Wednesday, February 1, 2017


"Nothing is so good a protection against such misery as inward wealth, the wealth of the mind, because the greater it grows, the less room it leaves for boredom. The inexhaustible activity of thought!" -Arthur Schopenhauer (The Wisdom of Life)

“Becoming Warren Buffett,” the Man, Not the Investor - by James Surowiecki [H/T Linc] (LINK)

Fairholme Funds' 2016 Annual Report (LINK)

The Short Seller Who Crushed Valeant Has Picked His Next Target [H/T Matt] (LINK)

This is Why You Need a Process - by Ben Carlson (LINK)

Amazon is building a $1.5 billion hub for its own cargo airline (LINK)

Mobile 2.0 - by Benedict Evans (LINK)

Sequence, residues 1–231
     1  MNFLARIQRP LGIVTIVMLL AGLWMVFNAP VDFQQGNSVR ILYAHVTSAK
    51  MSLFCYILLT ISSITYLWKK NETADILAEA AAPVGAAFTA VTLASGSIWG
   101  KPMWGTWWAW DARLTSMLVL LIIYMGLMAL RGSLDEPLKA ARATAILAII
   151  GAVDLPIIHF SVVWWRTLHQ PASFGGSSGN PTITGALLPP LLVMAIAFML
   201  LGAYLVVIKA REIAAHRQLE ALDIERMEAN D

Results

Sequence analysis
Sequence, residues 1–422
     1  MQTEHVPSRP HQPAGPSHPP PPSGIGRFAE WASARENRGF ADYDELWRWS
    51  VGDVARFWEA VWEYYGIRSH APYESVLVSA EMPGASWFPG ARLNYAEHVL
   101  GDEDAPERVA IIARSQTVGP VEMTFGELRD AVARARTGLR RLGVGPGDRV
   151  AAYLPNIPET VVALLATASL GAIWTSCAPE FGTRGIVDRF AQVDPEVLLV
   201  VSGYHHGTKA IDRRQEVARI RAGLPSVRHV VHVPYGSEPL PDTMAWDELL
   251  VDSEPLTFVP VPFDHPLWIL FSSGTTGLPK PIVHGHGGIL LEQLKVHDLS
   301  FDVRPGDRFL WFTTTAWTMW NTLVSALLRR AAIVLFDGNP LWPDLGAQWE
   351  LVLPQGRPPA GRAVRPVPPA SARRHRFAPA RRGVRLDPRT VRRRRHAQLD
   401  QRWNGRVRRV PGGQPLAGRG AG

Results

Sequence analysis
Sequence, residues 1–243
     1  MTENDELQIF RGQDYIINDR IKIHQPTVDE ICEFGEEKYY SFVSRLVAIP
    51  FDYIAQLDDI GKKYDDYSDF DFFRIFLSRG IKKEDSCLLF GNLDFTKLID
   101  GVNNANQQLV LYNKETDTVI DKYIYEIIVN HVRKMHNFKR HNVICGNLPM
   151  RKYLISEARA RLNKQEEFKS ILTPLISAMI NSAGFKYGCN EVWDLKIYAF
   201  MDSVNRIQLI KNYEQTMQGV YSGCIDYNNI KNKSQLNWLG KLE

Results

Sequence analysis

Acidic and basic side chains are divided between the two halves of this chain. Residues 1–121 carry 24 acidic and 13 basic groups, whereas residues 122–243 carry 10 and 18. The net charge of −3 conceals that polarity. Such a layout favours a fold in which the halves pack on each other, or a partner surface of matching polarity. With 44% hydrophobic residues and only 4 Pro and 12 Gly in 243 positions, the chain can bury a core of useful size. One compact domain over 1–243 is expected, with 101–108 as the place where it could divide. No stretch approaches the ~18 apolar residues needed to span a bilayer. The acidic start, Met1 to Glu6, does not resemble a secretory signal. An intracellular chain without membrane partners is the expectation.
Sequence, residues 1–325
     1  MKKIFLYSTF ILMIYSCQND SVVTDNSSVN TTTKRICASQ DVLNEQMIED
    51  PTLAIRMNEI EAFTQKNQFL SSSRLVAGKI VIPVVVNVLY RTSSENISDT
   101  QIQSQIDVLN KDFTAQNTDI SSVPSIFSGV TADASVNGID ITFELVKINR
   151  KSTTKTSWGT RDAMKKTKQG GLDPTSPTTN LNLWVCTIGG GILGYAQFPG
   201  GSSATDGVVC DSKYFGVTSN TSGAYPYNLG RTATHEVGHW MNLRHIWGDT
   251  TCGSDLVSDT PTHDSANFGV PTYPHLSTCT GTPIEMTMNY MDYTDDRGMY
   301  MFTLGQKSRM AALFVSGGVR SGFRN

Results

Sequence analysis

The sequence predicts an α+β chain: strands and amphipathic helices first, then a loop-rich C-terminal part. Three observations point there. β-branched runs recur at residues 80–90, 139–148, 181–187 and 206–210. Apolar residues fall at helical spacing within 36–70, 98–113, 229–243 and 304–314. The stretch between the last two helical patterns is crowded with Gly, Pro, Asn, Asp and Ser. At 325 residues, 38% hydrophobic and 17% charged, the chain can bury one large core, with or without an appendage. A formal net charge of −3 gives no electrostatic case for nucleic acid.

Birds and Frogs - by Freeman Dyson (LINK)
Some mathematicians are birds, others are frogs. Birds fly high in the air and survey broad vistas of mathematics out to the far horizon. They delight in concepts that unify our thinking and bring together diverse problems from different parts of the landscape. Frogs live in the mud below and see only the flowers that grow nearby. They delight in the details of particular objects, and they solve problems one at a time. I happen to be a frog, but many of my best friends are birds. The main theme of my talk tonight is this. Mathematics needs both birds and frogs. Mathematics is rich and beautiful because birds give it broad visions and frogs give it intricate details. Mathematics is both great art and important science, because it combines generality of concepts with depth of structures. It is stupid to claim that birds are better than frogs because they see farther, or that frogs are better than birds because they see deeper. The world of mathematics is both broad and deep, and we need birds and frogs working together to explore it.
Why Frog Tongues Are So Sticky - by Ed Yong (LINK)

Plant keeps moths captive inside its fruits for almost a year (LINK)